Of Rainbows and Dragons: Bhutan East to West and Northeast India

bhutan_photo-1 bhutan_image-2Of Rainbows and Dragons: Bhutan East to West and Northeast India

September 22 to October 9, 2017

This 18 day tour will begin in Kolkata, India. Here we will spend time learning about Kantha embroidery and exploring a local bazaar before flying to Guwahati, Assam. Before driving to the border with Bhutan we have time to visit Sualkuchi, famous for muga and eri silk weaving.  Our tour in Bhutan will focus on its vibrant cultural and artistic heritage with special emphasis on Bhutan’s most distinctive art form: its textiles. Specially patterned fabrics serve as dress, carrying sacks, household furnishings, adornments for sacred spaces, and gifts for celebratory occasions such as weddings.  We will spend 14 days in Bhutan driving west from Samdrup Jongkhar to Paro.  Along the way we will be visiting weavers, witnessing religious festivals and visiting local markets, historic sites, and museums.

Tour Cost: TAC members $4096 based on shared occupancy of rooms with a group of 16 participants. The single supplement is $652. There is an additional $45 surcharge for non TAC members. Included in the cost of the tour are all hotels, meals, ground transportation, entrance fees to historic sites and museums as well as services of an English-speaking guide throughout the tour, and gratuities.  The cost of the tour includes a $400 tax deductible donation to the Textile Arts Council.  Not included are personal expenses such as laundry, etc.  Also not included are international airfare, visas for Bhutan and India and travel insurance, which is mandatory.

Physical Activity Requirements:  In Bhutan, while we will be staying at relatively low altitudes ( 5000’-7000’),we will be traveling on winding mountain roads and going over mountain passes (Donchula is 10,000’)  Participants need the ability to be able to walk on rough paths in to rural villages and climb steps to historic and religious sites.  The hotels in Bhutan, especially eastern Bhutan, are rather basic and not suited for people with mobility problems. Please discuss this tour with your physician to determine if you have any medical condition that would prevent you from actively participating in the tour.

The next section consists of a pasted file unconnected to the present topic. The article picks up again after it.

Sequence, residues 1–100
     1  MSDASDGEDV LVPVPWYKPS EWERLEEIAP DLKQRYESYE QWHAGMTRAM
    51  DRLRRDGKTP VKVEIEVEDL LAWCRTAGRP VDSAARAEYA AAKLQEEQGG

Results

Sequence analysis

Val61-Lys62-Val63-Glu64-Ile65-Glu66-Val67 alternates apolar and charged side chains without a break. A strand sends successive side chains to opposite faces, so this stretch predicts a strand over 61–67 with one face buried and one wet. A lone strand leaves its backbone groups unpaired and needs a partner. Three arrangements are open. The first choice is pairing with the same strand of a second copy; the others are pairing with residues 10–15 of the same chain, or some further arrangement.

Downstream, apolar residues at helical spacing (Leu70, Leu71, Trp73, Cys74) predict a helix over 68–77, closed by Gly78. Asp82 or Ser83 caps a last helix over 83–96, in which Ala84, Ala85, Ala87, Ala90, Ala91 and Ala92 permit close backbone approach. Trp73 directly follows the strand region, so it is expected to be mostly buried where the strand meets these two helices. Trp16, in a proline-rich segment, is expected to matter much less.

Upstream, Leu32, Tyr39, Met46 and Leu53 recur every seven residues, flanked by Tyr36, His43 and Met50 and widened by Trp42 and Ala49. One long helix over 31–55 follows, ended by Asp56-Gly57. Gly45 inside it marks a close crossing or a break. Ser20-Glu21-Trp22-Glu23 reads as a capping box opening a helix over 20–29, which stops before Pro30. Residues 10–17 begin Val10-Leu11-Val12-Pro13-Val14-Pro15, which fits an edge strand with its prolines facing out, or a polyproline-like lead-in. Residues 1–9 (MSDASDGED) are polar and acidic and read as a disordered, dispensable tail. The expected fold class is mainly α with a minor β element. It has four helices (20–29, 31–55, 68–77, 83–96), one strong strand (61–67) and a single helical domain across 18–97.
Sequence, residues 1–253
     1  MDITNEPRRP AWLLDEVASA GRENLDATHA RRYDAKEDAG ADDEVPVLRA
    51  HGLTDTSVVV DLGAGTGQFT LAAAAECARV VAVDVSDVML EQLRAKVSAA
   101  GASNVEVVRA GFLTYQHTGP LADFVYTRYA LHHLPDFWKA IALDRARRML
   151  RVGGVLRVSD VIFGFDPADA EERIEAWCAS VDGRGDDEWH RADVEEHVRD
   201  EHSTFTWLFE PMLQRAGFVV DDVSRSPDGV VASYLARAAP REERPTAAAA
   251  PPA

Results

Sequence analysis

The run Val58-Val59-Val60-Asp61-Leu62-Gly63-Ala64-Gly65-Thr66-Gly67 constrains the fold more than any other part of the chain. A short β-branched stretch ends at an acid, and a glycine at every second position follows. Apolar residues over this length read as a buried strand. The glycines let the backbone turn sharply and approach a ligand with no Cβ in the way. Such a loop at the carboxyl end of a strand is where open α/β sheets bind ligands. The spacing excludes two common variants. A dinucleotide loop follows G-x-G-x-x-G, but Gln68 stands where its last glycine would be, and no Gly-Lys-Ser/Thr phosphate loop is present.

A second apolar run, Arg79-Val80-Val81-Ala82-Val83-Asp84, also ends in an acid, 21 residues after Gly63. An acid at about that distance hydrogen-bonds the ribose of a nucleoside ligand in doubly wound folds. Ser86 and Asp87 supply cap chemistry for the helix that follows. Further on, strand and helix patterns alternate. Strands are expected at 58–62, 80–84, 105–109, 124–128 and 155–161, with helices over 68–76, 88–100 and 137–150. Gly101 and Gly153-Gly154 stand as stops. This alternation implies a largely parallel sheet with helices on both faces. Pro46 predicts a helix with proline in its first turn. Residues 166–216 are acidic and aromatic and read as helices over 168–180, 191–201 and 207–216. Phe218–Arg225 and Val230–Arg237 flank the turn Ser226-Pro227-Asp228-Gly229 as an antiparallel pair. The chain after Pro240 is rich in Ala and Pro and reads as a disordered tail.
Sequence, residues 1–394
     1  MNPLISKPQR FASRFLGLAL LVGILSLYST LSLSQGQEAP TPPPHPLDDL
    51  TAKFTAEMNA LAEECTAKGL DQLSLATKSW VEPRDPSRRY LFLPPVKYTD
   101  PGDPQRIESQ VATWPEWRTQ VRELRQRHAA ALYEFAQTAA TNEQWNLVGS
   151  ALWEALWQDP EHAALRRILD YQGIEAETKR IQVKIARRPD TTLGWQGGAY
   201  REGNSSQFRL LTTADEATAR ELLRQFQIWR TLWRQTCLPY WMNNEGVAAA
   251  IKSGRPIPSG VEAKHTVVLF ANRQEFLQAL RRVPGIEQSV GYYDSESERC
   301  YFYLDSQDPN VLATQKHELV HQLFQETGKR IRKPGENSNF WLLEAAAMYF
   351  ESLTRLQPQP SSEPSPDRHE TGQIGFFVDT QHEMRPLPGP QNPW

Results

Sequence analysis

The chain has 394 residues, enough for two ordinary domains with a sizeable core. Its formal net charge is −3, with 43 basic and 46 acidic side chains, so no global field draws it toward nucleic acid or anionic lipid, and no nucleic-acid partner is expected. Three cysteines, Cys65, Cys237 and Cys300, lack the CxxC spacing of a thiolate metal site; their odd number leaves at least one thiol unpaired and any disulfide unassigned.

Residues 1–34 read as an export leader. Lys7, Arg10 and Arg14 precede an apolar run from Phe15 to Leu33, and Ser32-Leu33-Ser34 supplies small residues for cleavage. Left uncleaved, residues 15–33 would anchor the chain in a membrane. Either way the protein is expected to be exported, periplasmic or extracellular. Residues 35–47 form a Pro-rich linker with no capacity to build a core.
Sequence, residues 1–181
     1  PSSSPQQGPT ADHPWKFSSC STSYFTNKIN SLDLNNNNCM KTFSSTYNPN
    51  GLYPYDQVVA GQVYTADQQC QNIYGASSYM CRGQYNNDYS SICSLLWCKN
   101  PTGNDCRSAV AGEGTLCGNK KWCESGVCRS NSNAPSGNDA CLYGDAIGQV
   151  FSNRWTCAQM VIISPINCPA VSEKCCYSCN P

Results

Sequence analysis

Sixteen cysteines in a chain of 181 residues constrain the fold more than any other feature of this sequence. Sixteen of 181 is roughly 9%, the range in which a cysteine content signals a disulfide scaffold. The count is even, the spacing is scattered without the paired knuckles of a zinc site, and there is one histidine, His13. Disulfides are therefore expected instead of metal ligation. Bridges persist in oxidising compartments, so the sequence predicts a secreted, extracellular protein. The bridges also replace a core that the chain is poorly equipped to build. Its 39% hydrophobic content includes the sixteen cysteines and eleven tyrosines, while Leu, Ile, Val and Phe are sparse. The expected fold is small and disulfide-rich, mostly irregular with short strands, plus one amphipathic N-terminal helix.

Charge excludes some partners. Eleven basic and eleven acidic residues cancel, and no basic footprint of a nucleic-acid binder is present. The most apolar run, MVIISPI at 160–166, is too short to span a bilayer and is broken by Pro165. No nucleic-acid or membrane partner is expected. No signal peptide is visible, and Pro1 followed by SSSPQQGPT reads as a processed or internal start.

For More Information Contact:
Tour Organizer: Mary Connors, khamsing88@yahoo.com
Textile Arts Council, TAC admin, 415 750 3627 tac@famsf.org

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Textile Arts Council members visit the Philippines

Textile Arts Council members visit the Philippines

By Leslee Budge

T'Boli weaverFor over sixteen days our group from the Textile Arts Council traveled the full length of the Philippines archipelago from Laoag city in northern Luzon, the large island on which Manila is situated, to General Santos, on the southern island of Mindanao. Here we drove to remote T’boli villages near Lake Sebu. We also visited numerous cities on the island of Panay.

Moving thought out this island nation, we stopped at the workshops of indigenous weavers from different cultural groups using fibers as diverse as abaca or banana fibers, pina or pineapple fibers, cotton, silk and cotton polyester. We were fortunate to have the assistance of members of the Custom Made Crafts Center, a Filipino non-governmental organization working towards improved quality of life for forest-dependent communities, in setting up demonstrations at the many workshops we visited.